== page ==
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Employee requested transfer before deadly Long Island grocery store shooting, police say

A “troubled employee,” who killed a supermarket manager and wounded two co-workers, asked to be transferred from his Long Island store 40 minutes before opening fire, police said Wednesday.

But it still wasn’t immediately clear what might have prompted suspect Gabriel DeWitt Wilson, 31, to take deadly action at a Stop & Shop filled with customers late Tuesday morning in West Hempstead, according to the Nassau County Police Department.

Manager Ray Wishropp, 49 of Valley Stream, was fatally shot with a .380-caliber semiautomatic pistol, authorities said.

Wilson fired seven shots at five people, striking Wishropp, a 50-year-old man from Bethpage and a 26-year-old woman from Bayshore, according to officials. The wounded man was grazed on the cheek and struck twice in shoulder. The woman was hit once in the shoulder, police said.

Before the gunfire erupted in the second-floor manager’s office, Wilson had been at that very location asking to be transferred to another Stop & Shop location in Hempstead, Nassau County Police Det. Lt. Stephen Fitzpatrick said.

“It was not confrontational at that time,” Fitzpatrick told reporters on Wednesday. “He left the building without any violence or anything else being said. Forty minutes later, he returned to the building and you know the rest. He walked right up to the offices, opened fire on five individuals.”

There was apparently no hint that Wilson’s transfer request was at issue or would be denied.

“He was told to have the (Hempstead) manager call him (West Hempstead managers),” Fitzpatrick said. “He (Wilson) was going to have to fill out a form and that would happen. It was uneventful.”

Wilson, who worked as a shopping cart collector, had ongoing issues with his co-workers and had been hauled into meetings with managers on a number of occasions, police said.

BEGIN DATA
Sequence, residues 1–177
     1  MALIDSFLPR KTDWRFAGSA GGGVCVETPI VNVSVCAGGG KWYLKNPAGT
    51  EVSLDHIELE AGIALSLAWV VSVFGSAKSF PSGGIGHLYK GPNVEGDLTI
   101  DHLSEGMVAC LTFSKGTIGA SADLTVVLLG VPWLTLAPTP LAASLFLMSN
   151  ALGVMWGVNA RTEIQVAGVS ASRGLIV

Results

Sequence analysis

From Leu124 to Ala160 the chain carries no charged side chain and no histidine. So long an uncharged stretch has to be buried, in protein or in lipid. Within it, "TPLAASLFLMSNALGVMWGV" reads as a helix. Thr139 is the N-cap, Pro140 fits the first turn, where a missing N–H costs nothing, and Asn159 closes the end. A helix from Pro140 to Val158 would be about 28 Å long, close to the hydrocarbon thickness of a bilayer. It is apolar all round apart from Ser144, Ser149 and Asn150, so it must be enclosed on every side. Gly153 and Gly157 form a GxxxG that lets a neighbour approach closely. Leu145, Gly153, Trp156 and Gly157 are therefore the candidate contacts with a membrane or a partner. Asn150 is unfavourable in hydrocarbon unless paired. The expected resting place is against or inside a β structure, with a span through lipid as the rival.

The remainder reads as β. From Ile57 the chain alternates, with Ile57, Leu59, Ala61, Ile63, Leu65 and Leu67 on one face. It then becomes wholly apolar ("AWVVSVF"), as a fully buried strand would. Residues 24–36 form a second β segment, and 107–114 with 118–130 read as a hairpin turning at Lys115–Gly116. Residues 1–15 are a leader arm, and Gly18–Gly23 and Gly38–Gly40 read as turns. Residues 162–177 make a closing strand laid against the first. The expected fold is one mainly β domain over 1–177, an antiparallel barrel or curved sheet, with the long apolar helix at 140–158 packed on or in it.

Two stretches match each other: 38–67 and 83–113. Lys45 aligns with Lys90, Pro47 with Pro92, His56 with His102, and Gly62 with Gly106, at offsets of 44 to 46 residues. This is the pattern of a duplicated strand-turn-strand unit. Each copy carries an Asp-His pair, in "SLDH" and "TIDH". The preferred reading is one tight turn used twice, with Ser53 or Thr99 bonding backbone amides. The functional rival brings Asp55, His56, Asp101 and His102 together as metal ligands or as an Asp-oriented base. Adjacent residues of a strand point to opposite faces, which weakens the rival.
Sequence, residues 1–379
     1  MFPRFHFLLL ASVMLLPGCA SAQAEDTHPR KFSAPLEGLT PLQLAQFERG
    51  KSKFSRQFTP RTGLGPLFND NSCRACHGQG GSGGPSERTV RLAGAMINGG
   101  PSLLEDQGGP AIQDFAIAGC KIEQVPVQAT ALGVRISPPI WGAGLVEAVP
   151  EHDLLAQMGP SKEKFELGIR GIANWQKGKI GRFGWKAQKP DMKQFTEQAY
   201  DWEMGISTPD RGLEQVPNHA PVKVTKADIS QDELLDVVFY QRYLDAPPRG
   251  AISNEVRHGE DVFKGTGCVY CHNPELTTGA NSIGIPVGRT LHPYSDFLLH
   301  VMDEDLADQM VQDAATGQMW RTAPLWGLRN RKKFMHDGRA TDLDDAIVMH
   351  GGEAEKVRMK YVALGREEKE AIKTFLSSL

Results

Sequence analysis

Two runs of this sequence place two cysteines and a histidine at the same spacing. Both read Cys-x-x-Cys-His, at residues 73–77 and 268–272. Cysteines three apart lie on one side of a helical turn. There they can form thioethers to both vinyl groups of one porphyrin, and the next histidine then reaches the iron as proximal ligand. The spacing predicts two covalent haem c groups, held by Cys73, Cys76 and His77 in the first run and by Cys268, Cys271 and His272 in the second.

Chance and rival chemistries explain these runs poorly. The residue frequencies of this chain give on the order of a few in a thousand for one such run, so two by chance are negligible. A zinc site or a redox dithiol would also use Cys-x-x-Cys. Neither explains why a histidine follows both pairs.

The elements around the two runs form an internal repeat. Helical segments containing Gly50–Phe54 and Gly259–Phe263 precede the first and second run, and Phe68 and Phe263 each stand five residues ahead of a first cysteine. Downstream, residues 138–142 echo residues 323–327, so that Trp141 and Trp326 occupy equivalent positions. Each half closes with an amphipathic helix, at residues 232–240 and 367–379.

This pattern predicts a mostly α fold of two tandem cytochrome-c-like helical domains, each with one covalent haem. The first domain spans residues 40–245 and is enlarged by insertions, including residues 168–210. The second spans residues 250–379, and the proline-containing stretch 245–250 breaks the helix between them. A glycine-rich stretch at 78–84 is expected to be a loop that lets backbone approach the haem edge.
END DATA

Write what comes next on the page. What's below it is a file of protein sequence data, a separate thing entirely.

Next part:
“Gabriel was a troubled employee and in the months previous to this incident he was having unwanted advances toward females that worked there,” Fitzpatrick said. “He was having disputes with other workers and threatening them and was brought into the management office several times.”

A rep for UFCW Local 342, which represents meat and seafood workers at the store, said there was no record of any complaints about Wilson from any of their members.

A spokesman for the Retail, Wholesale and Department Store Union Local 338, which represents the market’s other employees, said Wednesday she could not comment any pending complaints or grievance.

But the local president said Tuesday that there hadn’t been any formal complaints or concerns about the suspected shooter nor any “indication that there was anything like this on the horizon.”

The suspect was caught at a nearby apartment building on Terrance Avenue in Hempstead. The gun used in Tuesday’s shooting was not immediately found.

“Detectives are out right now retracing his steps trying to … find the gun,” Fitzpatrick said

Wilson was charged with second-degree murder and attempted murder, Nassau County District Attorney Madeline Singas said. If convicted of all charges, he could spend anywhere from 25 years to life in prison, according to the DA.

Wilson pleaded not guilty during an arraignment on Wednesday, and his next court appearance is scheduled for Friday.

Wilson has a lengthy arrest record in Baltimore and had once been shot in the head, according to police. Defense lawyer Brian Carmody said that shooting happened when his client was 19 years old.

“He’s got some problems related to that,” Carmody told NBC News.

The store is expected to remain closed until Sunday morning, as police continue their investigation there.

Source:

www.nbcnews.com

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